One of the co-authors of the report was Professor Christian Dustmann. On its findings, he told The Guardian: “Our research shows that in contrast with most other European countries, the UK attracts highly educated and skilled immigrants from within the EEA as well as from outside. What’s more, immigrants who arrived since 2000 have made a very sizeable net fiscal contribution and therefore helped to reduce the fiscal burden on UK-born workers.”
He continued: "Our study also suggests that over the last decade or so the UK has benefitted fiscally from immigrants from EEA countries, who have put in considerably more in taxes and contributions than they received in benefits and transfers. Given this evidence, claims about 'benefit tourism' by EEA immigrants seem to be disconnected from reality.”
The idea of implementing a 5-year ban on migrants being able to claim benefits contains its own logic in the context of austerity, wherein a crisis of greed and recklessness in the private sector has been turned into a crisis of public spending. Immigration offers an easy scapegoat for the pain being felt by millions as a result of the extreme cuts being made to public spending, with the poor and low waged bearing most of the burden. However it sets a dangerous precedent, given that around 1.6 million British people are currently living and working throughout the EU. In other words, the scapegoating of migrants in Britain could result in the scapegoating of British expatriates overseas.
But by far the most worrying aspect of the poisonous turn which the debate on immigration has taken in Britain recently, is that it illustrates the extent to which mainstream politicians have failed to learn the lessons of history. During the last great global depression in the 1930s, the scapegoating of foreigners, and national, ethnic and religious minorities led inexorably to the rise of fascism and everything that followed. While we may be some way from that particular abyss today, the fact that the normalization of anti-immigrant sentiment in Britain has reached the point where it has been embraced by the government itself has to be a matter of deep and growing concern.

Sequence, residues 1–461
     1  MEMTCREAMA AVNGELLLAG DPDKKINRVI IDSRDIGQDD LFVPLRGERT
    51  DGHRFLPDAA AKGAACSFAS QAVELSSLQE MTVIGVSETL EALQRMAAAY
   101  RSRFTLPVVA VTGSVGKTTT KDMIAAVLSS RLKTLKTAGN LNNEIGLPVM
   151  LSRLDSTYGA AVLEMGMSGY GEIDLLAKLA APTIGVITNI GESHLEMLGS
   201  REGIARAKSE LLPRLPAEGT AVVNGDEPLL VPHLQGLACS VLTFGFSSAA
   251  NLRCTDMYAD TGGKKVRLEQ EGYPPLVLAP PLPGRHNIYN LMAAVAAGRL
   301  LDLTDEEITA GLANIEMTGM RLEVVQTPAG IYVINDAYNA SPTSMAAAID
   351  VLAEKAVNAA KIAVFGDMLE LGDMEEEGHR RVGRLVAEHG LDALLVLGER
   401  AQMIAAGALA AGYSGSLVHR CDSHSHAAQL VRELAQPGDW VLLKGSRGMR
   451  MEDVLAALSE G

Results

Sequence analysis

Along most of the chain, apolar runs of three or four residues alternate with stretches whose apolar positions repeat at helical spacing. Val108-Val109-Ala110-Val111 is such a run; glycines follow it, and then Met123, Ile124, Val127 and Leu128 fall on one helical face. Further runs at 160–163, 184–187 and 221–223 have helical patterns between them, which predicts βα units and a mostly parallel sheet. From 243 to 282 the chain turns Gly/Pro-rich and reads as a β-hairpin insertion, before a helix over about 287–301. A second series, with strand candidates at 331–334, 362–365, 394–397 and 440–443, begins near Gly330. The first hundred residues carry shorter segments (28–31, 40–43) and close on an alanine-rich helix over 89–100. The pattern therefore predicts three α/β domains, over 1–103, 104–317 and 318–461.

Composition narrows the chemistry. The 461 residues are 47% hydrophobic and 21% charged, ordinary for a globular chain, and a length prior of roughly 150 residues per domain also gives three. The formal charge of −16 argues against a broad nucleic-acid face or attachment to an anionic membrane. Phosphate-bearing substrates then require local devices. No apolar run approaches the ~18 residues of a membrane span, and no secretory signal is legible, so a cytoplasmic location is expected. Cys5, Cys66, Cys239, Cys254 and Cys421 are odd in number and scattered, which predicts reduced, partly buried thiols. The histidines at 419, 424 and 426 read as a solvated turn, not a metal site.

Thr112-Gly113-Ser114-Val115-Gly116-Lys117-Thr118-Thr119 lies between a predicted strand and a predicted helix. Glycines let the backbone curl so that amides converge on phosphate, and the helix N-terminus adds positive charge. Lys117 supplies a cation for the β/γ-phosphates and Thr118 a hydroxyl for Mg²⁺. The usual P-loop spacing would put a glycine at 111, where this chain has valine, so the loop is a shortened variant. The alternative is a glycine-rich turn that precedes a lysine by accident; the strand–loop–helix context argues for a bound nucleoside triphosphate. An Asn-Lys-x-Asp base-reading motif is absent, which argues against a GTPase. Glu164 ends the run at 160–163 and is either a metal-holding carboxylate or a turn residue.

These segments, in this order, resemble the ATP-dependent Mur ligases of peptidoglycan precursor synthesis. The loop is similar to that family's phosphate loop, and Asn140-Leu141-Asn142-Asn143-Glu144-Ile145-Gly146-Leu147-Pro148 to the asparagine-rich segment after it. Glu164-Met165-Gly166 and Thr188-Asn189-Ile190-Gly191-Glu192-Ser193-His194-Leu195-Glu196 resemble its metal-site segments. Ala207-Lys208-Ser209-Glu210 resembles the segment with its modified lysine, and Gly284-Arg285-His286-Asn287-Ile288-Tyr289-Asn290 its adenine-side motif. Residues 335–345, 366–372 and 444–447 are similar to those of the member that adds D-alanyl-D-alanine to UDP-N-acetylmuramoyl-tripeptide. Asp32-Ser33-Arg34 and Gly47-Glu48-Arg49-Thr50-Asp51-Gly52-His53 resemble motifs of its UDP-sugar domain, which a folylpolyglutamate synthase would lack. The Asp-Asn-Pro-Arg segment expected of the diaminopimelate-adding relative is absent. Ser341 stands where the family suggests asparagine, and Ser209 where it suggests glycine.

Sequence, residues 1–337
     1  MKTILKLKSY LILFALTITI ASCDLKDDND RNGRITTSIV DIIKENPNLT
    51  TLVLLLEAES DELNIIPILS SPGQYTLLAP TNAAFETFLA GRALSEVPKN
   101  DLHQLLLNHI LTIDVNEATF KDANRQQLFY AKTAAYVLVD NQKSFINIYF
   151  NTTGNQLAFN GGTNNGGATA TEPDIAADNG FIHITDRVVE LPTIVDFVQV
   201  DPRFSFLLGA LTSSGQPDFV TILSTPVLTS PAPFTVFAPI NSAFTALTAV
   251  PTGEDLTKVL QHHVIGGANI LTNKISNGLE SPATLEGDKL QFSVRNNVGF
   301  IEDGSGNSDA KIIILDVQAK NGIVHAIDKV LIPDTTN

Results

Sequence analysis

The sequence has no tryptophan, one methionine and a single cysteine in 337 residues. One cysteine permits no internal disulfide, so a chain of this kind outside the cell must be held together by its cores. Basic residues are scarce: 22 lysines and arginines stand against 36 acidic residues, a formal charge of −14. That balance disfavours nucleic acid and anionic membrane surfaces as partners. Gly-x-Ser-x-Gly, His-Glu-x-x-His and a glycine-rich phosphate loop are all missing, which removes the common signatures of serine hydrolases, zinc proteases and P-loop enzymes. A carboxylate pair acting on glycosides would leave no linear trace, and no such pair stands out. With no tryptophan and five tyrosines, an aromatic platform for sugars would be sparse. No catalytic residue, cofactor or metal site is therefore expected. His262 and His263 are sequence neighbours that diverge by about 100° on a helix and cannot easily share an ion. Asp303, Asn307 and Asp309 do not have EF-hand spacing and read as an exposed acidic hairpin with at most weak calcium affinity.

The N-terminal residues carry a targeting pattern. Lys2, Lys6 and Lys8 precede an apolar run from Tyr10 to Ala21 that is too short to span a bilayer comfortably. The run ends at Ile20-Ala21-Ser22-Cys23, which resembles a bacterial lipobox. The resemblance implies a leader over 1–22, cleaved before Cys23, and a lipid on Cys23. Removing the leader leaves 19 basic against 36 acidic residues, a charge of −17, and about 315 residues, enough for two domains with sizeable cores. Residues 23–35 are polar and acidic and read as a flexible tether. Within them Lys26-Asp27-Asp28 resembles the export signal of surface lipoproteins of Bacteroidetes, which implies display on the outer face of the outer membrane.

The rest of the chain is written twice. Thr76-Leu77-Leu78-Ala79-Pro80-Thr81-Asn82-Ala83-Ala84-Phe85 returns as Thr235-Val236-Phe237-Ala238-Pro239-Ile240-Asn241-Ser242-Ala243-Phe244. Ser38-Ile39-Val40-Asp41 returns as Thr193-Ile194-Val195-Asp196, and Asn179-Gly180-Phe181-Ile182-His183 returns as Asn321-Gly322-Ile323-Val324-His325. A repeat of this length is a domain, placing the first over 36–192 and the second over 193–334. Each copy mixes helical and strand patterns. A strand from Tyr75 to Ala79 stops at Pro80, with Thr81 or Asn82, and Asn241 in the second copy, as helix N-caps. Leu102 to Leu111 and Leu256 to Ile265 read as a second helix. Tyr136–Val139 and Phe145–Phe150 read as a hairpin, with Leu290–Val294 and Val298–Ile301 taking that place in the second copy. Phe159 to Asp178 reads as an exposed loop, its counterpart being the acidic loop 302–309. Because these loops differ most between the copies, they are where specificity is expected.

At the beginning of 2014 Britain is one of the most unequal societies in the developed world, with one in three children living in poverty, millions suffering fuel poverty, and the number of food banks multiplying up and down the country in response to growing demand. This state of affairs is not the fault of immigrants or immigration. This state of affairs is the fault of the rampant greed that has blighted British society over the past three decades.
The enemy of people in Britain is neither immigrants or immigration. It is the rich and a government that governs on their behalf.
The statements, views and opinions expressed in this column are solely those of the author and do not necessarily represent those of RT.